In this sermon series entitled ‘Becoming Whole’ Brian is looking at Psalms 129 to 131 which form part of the Songs of Ascents sung by pilgrims on their way to worship God in Jerusalem.
These Psalms highlight three words which are deeply significant to us as followers of Jesus – sufferer, sinner and son/daughter.
In Psalm 129 we heard God speak to us as ‘Sufferers’ (see Deep Dive 5 March 2023).
In Psalm130 we come to the second of the words that describe us: ‘Sinners’.
The concept of being a sinner is not popular today. Rather we are encouraged to view ourselves as victims of our circumstances – even as Christians we may not readily acknowledge our sin. However, for all of us, our deepest need is to have our sins forgiven and to be restored to our loving Father.
Part One: Despair
At the beginning of the Psalm we see the author in despair because of his sin. Like David in Psalm 51 and Paul in Romans 7 the Psalmist recognises that he is in a hopeless situation, unable to stand against God’s judgement.
This recognition is the first step to addressing sin in our lives. We then have a choice with what to do with our hopelessness and guilt: we can turn away from God in shame, reject His authority or we can turn towards Him as the Psalmist does and cry to the Lord for mercy.
Part Two: Forgiveness
In verse 4 the Psalmist finds hope in God who is able to forgive sins.
Brian illustrated God’s forgiveness with the story of John Newton, a man who worked on slave ships and was known to be violently against God. During a terrible storm at sea as he pondered his impending doom and the greatness of his sins, he thought on the death of Jesus. He recollected Jesus’ death for the sins of others, put his trust in Him and was saved. Newton went on to write about his salvation in the much-loved hymn Amazing Grace.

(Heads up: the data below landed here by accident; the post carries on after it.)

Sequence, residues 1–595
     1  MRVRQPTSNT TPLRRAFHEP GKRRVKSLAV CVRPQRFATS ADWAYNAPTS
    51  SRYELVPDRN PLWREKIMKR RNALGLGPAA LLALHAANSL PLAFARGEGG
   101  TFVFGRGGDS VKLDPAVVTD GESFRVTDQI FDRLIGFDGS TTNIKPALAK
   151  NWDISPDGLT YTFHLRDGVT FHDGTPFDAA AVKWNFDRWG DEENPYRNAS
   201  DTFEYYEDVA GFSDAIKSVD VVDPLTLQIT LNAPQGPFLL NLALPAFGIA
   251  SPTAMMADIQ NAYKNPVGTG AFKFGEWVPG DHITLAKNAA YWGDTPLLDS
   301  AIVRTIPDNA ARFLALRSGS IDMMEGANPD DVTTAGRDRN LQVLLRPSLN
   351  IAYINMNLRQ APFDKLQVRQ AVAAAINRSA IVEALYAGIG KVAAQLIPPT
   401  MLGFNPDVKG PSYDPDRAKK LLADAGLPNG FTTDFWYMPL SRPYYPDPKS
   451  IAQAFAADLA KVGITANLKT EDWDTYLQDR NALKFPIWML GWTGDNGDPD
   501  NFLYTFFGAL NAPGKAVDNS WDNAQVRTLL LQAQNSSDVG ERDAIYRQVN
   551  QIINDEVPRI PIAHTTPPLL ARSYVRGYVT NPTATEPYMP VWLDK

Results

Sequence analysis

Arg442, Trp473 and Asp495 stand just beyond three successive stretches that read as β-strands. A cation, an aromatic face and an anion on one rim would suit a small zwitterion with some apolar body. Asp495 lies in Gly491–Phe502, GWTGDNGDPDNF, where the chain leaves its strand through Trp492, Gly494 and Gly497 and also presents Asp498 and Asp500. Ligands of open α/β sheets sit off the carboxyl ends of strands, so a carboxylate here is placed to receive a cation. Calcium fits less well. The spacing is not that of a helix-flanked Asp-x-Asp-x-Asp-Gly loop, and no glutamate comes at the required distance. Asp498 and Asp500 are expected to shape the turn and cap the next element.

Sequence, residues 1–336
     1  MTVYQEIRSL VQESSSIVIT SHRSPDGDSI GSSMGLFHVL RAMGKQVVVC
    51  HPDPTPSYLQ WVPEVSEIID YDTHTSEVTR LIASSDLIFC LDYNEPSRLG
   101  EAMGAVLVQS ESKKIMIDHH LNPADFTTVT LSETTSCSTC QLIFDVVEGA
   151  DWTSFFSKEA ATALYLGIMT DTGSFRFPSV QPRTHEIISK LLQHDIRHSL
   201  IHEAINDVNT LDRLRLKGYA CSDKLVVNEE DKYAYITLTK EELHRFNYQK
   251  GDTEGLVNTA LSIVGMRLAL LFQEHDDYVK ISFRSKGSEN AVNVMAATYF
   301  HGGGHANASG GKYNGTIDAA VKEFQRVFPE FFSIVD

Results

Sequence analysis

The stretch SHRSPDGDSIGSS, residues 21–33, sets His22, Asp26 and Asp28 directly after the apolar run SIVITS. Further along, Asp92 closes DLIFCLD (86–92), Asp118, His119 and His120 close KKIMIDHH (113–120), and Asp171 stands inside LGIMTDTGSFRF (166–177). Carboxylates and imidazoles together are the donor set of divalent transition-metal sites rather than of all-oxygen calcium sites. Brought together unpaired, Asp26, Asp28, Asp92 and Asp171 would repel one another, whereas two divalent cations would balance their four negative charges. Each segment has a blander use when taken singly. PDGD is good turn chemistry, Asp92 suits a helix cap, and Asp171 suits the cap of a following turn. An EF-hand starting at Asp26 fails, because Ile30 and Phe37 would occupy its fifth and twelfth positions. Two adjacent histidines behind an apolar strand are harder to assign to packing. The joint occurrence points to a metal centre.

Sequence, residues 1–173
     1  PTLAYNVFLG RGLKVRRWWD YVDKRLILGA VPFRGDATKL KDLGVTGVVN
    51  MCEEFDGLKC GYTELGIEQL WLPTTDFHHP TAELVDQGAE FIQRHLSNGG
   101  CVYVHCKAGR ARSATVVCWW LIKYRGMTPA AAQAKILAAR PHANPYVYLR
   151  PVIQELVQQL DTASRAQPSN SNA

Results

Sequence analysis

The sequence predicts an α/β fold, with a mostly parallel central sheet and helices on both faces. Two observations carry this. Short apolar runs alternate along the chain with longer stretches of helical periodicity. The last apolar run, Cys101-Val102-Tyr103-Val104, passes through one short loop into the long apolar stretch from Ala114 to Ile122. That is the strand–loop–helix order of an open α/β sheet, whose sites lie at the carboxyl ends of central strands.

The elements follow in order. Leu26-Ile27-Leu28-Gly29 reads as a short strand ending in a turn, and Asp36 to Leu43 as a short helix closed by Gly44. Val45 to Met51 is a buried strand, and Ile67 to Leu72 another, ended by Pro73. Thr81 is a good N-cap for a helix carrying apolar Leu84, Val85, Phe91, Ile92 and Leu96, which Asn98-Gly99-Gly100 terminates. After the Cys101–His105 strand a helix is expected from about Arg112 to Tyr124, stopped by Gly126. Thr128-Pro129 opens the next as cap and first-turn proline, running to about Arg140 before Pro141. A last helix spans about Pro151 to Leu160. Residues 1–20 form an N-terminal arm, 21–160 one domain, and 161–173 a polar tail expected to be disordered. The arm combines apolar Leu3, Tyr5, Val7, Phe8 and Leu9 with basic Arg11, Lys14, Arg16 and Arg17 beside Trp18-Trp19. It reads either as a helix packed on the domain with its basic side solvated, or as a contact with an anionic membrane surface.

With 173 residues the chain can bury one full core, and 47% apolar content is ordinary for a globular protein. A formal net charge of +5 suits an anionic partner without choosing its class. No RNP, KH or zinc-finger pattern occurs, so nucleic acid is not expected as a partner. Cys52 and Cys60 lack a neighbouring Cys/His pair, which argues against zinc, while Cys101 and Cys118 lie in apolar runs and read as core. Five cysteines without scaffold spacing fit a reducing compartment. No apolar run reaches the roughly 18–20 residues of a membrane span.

Likewise, God’s mercy is greater than any of our sins. His heart is always to forgive if we come to Him.
How should we respond to being forgiven? The Psalmist tells us that we are forgiven so that we can serve.
Part Three: Waiting and Hoping
How should we serve the Lord? We are to serve God by waiting and hoping.
Being impatient, we often find waiting uncomfortable; however the Psalmist tells us how we can wait patiently on the Lord.
We can follow the example of the watchman and invest time in watching for God by:
- Searching His word intently
- Waiting in prayer
- Meditating on His past goodness to us
We are also to serve God by hoping in Him – not wishful thinking but an expectant, certain hope.
We hope in His word and in His promises. For example, Lamentations 3 tells us that God’s mercies come new every morning. We also hope in the person of Jesus who has broken through the sin and darkness in our lives.
Last week we saw Jesus present in our suffering. In Psalm 130 we see Him with us in our sin – providing redemption.
This Psalm is a journey from despair to hope for every sinner who seeks forgiveness.
- Where are you in Psalm 130? Are you yet trapped in the despair of sin? Or have you come to God for forgiveness? God has promised that He Himself will redeem us from all our sins.
- Have you reached the point where you are able to wait patiently for God? We can wait and trust because of the certain hope we have in Him.